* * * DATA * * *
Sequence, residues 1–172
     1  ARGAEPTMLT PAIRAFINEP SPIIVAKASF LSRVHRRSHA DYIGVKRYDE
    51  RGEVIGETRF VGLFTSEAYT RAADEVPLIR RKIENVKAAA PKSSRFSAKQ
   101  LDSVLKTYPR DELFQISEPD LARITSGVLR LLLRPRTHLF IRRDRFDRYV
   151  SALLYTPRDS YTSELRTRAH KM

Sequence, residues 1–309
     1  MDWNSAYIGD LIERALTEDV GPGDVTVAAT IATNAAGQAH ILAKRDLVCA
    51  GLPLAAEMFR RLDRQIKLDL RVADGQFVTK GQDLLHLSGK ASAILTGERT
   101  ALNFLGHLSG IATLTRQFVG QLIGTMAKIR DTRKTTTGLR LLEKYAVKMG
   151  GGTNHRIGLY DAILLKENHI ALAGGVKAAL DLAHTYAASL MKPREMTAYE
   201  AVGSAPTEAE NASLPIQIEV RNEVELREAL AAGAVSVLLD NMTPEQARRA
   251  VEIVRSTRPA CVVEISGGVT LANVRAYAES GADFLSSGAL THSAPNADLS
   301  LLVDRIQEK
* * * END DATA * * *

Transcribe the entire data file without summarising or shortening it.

Sequence, residues 1–172
     1  ARGAEPTMLT PAIRAFINEP SPIIVAKASF LSRVHRRSHA DYIGVKRYDE
    51  RGEVIGETRF VGLFTSEAYT RAADEVPLIR RKIENVKAAA PKSSRFSAKQ
   101  LDSVLKTYPR DELFQISEPD LARITSGVLR LLLRPRTHLF IRRDRFDRYV
   151  SALLYTPRDS YTSELRTRAH KM

Sequence, residues 1–309
     1  MDWNSAYIGD LIERALTEDV GPGDVTVAAT IATNAAGQAH ILAKRDLVCA
    51  GLPLAAEMFR RLDRQIKLDL RVADGQFVTK GQDLLHLSGK ASAILTGERT
   101  ALNFLGHLSG IATLTRQFVG QLIGTMAKIR DTRKTTTGLR LLEKYAVKMG
   151  GGTNHRIGLY DAILLKENHI ALAGGVKAAL DLAHTYAASL MKPREMTAYE
   201  AVGSAPTEAE NASLPIQIEV RNEVELREAL AAGAVSVLLD NMTPEQARRA
   251  VEIVRSTRPA CVVEISGGVT LANVRAYAES GADFLSSGAL THSAPNADLS
   301  LLVDRIQEK